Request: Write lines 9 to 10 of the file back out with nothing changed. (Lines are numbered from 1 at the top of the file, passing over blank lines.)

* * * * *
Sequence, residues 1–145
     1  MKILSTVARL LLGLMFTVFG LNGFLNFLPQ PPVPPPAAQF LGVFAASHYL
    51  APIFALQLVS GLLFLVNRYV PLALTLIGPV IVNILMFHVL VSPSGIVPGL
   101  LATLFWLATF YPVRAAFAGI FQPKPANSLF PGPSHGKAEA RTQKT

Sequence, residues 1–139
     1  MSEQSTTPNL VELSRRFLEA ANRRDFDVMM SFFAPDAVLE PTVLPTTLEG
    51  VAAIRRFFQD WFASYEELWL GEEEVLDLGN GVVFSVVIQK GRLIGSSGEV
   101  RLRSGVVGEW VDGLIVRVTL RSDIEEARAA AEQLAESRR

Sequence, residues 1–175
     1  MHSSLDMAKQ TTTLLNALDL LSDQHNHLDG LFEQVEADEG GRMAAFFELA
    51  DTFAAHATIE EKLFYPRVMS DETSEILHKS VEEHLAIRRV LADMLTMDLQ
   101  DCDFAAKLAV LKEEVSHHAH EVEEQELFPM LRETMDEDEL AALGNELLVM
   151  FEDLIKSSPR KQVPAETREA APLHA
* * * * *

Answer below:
Sequence, residues 1–175
     1  MHSSLDMAKQ TTTLLNALDL LSDQHNHLDG LFEQVEADEG GRMAAFFELA